We all have noticed that newspapers turn yellow after a few days if we leave them aside. But also interesting newspaper clippings that we keep in folders turn yellow after a while. Why does paper turn yellow with time?
Hardly any other invention in human history has had such an immense influence on the development of society as that of paper. Formerly a luxury item, it has now become a cheap mass product albeit with a finite shelf life. The reason for this is the components of wood that have been in the paper since the middle of the 19th century.
We first wrote on parchment made from animal skins and before 1850 on hand-made paper, which consisted of shredded cotton rags and was referred to as rags. The paper industry now used cheaper raw material wood to extract the cellulose.
To obtain pure, stable cellulose from wood, the raw material has to be broken down through a complex chemical process. The product is so-called wood-free papers that hardly turn yellow. Paper production became much easier with the invention of mechanical wood pulping, in which finely ground wood is processed directly into paper.
But the cheaper variant of papermaking has its downsides. Since the wood pulp paper contains all the components of the wood, this paper reacts with light. Just as a wooden board darkens in sunlight, the paper that is exposed to daylight has a yellow tinge. A substance called lignin, which is contained in wood, is responsible for this.
Paper Destroys Itself – What causes the paper to yellow?
But that’s not all. Paper made from cellulose has to be strengthened to make it writable. For this purpose, substances containing aluminum sulfate are used as glue. In turn, acids are formed from this. These split the cellulose chains in the paper into smaller pieces. The paper loses its strength and becomes brittle. The massive breakdown of cellulose ultimately leads to paper disintegration. The self-destruction of paper affects virtually all writings and books that were produced after 1850. For archives and libraries, paper crumbling is a ticking time bomb, because restorers can only save a few fonts with great effort.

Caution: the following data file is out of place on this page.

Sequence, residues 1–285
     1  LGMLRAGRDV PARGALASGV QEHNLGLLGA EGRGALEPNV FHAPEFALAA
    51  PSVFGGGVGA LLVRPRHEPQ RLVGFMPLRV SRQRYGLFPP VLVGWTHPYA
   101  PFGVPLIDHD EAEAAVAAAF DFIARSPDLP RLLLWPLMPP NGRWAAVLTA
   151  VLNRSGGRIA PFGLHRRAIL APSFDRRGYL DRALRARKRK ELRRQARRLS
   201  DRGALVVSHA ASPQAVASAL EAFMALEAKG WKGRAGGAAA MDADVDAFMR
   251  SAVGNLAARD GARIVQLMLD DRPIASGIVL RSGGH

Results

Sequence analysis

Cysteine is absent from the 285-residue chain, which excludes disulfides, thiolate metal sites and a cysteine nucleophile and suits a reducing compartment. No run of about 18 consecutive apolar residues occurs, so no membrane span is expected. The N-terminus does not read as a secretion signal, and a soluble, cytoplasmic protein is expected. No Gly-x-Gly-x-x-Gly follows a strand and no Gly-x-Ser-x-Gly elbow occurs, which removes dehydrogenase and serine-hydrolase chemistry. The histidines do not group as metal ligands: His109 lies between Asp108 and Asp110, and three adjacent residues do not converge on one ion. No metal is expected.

But paper disintegration is also an issue for household use. Interesting newspaper clippings, as well as anniversary edition books or documents, are not immune from this. And even your favorite book becomes unsightly and porous at some point. Particularly cherished or important pieces can be packed in acid-free paper sleeves but never in PVC film. And, above all, stored in a cool, dry, and dark place. This cannot stop the paper from falling apart, but it can slow it down considerably.
With today’s most popular way of quickly doing a scan, the question arises again as to which storage medium is the most suitable and, above all, the most durable. There is also the option of copying really important things onto acid-free paper and keeping them as light-protected as possible.
Good to know: In the paper industry, a rough distinction is made between paper, cardboard, and cardboard. Because of the many possible combinations of raw materials, production, processing, and use, a distinction is now made between 3000 different types of paper.